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“Least Astonishment” in Python: The Mutable Default Argument

def stackdemo(stack=[]):
  stack.append('q')
  return stack

stackdemo()
print stackdemo()

returns ['q','q'], whereas

stackdemo([])
print stackdemo([])

with the same function returns just ['q'], as expected.

Why does Python appear to reuse the array if the default is used? Am I missing something?

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marked as duplicate by Karl Knechtel, mtrw, g.d.d.c, JBernardo, Paul McGuire Dec 19 '11 at 16:38

This question has been asked before and already has an answer. If those answers do not fully address your question, please ask a new question.

3 Answers 3

A list is a mutable object. From doc:

The default value is evaluated only once. This makes a difference when the default is a mutable object such as a list, dictionary, or instances of most classes.

Do it with None:

def stackdemo(stack=None):
    if stack is None:
        stack = []
    stack.append('q')
    return stack

stackdemo()
print stackdemo()
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one-liner, clearer version of the if block: stack = stack or [] –  JCotton Feb 29 '12 at 20:08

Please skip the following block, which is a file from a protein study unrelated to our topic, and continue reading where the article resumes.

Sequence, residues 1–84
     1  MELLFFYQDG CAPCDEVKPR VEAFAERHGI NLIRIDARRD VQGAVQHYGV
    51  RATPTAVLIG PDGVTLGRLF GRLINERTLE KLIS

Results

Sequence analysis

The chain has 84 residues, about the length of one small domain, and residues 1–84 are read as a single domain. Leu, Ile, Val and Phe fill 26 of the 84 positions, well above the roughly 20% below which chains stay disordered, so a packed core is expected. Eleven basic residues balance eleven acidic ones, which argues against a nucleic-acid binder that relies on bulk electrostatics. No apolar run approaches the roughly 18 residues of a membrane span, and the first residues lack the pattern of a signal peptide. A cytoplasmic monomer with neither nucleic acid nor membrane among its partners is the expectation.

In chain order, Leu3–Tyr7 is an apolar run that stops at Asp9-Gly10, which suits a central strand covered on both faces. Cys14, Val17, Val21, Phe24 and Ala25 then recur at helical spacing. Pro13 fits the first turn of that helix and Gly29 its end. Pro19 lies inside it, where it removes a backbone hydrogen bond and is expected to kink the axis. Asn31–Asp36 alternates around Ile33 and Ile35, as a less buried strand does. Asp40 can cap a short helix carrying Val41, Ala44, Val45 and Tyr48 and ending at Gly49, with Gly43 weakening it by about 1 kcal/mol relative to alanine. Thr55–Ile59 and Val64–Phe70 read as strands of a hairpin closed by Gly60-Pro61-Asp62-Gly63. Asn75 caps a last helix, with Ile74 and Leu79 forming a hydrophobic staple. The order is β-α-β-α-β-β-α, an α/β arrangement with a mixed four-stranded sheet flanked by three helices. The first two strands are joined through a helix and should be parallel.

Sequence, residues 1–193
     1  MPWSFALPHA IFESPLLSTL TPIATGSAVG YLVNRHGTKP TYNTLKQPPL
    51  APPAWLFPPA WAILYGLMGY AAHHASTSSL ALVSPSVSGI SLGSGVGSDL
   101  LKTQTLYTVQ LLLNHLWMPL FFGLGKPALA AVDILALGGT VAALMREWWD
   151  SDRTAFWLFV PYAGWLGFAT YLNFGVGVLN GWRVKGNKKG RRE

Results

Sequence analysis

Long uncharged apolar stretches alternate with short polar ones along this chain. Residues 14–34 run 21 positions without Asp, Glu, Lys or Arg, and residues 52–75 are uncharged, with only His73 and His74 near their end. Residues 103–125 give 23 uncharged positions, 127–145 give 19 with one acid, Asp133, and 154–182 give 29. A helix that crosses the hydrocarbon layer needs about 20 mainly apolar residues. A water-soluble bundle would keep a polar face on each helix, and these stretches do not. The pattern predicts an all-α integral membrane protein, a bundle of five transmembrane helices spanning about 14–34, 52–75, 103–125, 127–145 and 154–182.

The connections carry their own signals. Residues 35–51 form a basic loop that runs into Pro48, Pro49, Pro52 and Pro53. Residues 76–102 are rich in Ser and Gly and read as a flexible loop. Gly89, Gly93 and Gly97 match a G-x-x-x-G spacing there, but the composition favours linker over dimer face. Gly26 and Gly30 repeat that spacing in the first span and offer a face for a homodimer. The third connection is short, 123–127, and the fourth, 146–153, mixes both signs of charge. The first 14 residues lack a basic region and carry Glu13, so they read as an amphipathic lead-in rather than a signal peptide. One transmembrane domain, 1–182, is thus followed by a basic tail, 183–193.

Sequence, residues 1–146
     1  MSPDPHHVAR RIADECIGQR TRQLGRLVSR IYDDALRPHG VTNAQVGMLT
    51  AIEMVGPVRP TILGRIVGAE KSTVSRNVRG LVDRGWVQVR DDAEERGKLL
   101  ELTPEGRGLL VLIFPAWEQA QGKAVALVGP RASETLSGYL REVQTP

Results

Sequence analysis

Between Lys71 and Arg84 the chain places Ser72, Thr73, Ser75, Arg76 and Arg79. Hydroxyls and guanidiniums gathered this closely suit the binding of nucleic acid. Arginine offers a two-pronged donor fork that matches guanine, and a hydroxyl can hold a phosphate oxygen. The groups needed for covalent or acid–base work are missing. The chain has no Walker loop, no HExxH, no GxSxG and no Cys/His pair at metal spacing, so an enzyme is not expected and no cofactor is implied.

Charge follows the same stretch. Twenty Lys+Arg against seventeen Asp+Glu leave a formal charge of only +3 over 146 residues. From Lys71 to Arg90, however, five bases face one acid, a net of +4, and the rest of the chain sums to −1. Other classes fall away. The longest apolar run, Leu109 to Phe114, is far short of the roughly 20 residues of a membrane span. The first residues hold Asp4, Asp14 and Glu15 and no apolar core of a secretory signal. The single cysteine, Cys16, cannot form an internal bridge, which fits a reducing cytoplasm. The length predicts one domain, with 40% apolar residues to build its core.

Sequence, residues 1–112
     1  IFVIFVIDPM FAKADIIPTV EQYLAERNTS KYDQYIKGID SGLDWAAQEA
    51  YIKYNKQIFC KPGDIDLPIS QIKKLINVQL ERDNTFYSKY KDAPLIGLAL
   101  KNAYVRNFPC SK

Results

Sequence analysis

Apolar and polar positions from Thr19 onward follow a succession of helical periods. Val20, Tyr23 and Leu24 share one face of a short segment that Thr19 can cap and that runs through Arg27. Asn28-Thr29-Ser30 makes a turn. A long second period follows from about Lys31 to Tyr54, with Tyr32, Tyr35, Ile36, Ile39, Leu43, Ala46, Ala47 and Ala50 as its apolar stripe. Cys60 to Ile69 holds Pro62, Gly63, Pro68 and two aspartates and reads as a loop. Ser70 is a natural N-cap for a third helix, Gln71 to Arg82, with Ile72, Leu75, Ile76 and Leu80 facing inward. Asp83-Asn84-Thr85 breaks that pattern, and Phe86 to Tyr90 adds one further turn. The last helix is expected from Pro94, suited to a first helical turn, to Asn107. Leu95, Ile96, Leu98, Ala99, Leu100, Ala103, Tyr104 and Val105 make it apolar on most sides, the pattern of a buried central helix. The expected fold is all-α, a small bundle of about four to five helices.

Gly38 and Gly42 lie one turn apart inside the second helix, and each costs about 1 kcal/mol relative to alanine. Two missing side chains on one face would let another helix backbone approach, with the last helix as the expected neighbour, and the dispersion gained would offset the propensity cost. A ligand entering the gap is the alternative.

@JCotton - this is wrong. Imagine calling stackdemo(l) with l = [] defined before (and used elsewhere). –  eumiro Mar 1 '12 at 8:09
    
you are right, though the one-liner may work in the OP's situation. It'd also be wrong with stackdemo(mystr) with mystr="" or other False values like that. It depends on the use and meaning of the stack variable. If a value of None has separate meaning or the variable could hold other valid-but-False values, then there is no substitute for the explicit is None check. –  JCotton Mar 1 '12 at 16:41

In Python variables are passed by object reference, not by value.

This means that in this case you are modifying the stack=[] variable.

If you want to avoid this behaviour, than you have to generate the variable within the function since it will be generated on runtime in that case.

def stackdemo(stack=None):
    if stack is None:
        stack = []
    ...
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1  
The first line is not actually right. Read this –  JBernardo Dec 19 '11 at 16:43
    
@JBernardo: it is correct but depends on your definition of value. Since I left out the "object" part it might be a bit unclear. I'll clarify it a bit :) –  Wolph Dec 19 '11 at 17:02

Please check out this article on Default Parameter Values in Python.

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